Allegedly, this screenshot is from test footage for Star Wars: Underworld. Or that could be utter hooey.

Incidentally, now that Patty Jenkins is almost certainly off the Rogue Squadron movie, which was announced with great fanfare in 2020 but "postponed indefinitely" less than a year later, how great would it be if Ronald Moore took the reins of that exciting project?

This is the closest Patty Jenkins will probably ever get to a Star Wars title.

And while we're at it, here's my own Star Wars pitch: I want to write a Disney+ series set in the Outer Rim, maybe 10-15 years before A New Hope. I see it as kind of an anthology series, with characters drifting in and out of each other's stories, based on an awesome Mike Resnick novel from 1986 called Santiago: a Myth of the Far Future. If you've never read Santiago, look it up. It has the feel of a tall tale crossed with a spaghetti Western, which puts it exactly in early Star Wars territory despite being entirely unconnected to Star Wars.

For the record, I found no evidence whatsoever that Santiago was the "basis for" any "upcoming major motion picture."
But that's where I come in!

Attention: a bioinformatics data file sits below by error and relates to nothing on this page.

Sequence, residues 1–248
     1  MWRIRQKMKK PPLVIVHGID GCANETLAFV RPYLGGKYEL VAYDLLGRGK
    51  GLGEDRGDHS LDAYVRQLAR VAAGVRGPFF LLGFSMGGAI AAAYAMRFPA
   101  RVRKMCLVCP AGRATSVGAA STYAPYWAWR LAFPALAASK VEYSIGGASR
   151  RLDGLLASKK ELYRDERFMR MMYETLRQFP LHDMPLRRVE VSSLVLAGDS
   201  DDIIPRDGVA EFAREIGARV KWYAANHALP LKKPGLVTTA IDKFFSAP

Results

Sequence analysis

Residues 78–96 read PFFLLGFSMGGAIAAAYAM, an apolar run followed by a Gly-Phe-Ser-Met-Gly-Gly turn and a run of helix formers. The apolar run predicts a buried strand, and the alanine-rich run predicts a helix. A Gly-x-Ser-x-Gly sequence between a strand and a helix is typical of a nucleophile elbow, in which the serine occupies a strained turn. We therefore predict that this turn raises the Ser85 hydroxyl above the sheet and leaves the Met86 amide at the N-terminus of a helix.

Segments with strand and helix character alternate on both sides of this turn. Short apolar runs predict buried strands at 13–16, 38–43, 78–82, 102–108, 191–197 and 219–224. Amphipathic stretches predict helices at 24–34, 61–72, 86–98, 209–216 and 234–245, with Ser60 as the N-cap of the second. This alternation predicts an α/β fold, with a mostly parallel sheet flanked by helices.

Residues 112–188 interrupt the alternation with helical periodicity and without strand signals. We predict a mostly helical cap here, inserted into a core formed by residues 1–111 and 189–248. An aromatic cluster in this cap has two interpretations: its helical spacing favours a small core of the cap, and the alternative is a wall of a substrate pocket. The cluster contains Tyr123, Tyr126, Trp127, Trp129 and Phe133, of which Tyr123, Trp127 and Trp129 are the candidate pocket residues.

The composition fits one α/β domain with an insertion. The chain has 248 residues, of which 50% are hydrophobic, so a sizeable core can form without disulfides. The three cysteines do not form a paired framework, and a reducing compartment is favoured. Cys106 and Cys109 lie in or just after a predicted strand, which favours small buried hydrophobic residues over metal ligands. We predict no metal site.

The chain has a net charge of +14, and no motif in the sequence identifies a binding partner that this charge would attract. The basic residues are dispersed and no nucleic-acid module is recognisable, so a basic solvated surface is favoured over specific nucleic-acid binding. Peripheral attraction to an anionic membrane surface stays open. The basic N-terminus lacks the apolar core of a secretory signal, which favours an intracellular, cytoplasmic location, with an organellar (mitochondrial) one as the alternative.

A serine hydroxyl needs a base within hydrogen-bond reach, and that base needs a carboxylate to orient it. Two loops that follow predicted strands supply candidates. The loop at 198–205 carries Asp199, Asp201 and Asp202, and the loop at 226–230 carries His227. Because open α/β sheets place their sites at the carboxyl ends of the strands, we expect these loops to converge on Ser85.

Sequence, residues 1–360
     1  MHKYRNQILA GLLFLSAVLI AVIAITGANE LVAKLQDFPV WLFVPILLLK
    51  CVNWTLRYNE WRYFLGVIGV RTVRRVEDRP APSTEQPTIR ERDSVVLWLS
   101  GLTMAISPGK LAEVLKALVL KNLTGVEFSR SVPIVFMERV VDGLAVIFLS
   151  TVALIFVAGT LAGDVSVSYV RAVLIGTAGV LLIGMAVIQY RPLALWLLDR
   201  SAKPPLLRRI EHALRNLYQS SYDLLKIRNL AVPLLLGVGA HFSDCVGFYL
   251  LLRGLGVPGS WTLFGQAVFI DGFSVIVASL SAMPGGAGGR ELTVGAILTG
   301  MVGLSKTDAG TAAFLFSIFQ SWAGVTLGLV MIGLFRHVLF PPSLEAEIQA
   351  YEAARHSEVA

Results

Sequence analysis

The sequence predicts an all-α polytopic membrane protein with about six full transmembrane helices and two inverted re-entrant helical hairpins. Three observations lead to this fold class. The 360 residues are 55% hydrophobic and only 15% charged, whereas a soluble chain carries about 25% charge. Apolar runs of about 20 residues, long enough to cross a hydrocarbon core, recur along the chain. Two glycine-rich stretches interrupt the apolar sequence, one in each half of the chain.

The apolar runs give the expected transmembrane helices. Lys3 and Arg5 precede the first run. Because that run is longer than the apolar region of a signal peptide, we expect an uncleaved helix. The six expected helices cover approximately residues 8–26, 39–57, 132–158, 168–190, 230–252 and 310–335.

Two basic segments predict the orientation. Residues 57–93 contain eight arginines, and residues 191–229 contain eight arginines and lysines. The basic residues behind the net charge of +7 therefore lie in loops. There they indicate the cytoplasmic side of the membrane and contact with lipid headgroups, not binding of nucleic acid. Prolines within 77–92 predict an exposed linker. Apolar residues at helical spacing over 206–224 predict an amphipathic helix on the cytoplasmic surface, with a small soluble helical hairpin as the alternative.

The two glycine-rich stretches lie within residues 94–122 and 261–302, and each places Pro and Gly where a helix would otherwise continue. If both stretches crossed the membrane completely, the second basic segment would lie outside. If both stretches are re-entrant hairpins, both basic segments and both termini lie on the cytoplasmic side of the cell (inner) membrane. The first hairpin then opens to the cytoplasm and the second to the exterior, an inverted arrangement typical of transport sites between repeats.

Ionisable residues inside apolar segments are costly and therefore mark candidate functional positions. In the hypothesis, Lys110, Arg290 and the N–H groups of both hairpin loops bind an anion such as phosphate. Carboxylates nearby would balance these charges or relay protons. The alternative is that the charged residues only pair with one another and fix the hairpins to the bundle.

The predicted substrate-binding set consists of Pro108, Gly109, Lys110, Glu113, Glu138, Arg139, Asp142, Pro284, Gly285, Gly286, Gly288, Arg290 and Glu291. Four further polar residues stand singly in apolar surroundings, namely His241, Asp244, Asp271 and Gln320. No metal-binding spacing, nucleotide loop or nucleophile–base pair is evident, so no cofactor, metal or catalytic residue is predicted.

So what did you think Benioff and Weiss's trilogy would be about? And now that Jenkins is almost certainly off the Rogue Squadron project, who do you think should take it over?

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REVIEW: Dune (2021)

Stop me if you've heard this one: There's a desert planet, OK? And on this planet is a teenage boy with a Biblical first name. He doesn't want to be there. It's a world where moisture is currency, rusty mining vehicles share the surface with giant worms, and a tribe of hooded "sandpeople" ambush the unwary. This kid has one hereditary advantage, though: Thanks to a mysterious family history, he has an in with a cult of interstellar sorcerers. He'll build alliances and practice his swordplay, then take on a corrupt empire. Sound familiar?

If you say that's the plot of Star Wars, you are, of course, correct. But it's also the plot of Frank Herbert's Dune, a novel that became an international sensation a decade before Lucas penned his screenplay. Chilean-French director Alejandro Jodorowsky came thisclose to shooting a 14-hour film adaptation of Dune, a book he'd never actually read, and his album of storyboards had been making its way around Hollywood throughout the early '70s. Lucas never explicitly admitted the connection, but to claim he was unaware of Herbert's magnum opus would defy credulity. Of course, there were other inspirations, too: Asimov's Foundation, "Doc" Smith's Triplanetary, Flash Gordon serials, The Dam Busters, Kurosawa's Hidden Fortress. But Tatooine just is planet Arrakis, aka Dune, only renamed after shooting location Tatouine, Tunisia.